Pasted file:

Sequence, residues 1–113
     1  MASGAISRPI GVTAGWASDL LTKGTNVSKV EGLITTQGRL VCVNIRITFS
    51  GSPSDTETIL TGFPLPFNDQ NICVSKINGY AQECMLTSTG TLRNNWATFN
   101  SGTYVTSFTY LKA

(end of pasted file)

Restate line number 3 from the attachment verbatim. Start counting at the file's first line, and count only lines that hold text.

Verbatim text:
    51  GSPSDTETIL TGFPLPFNDQ NICVSKINGY AQECMLTSTG TLRNNWATFN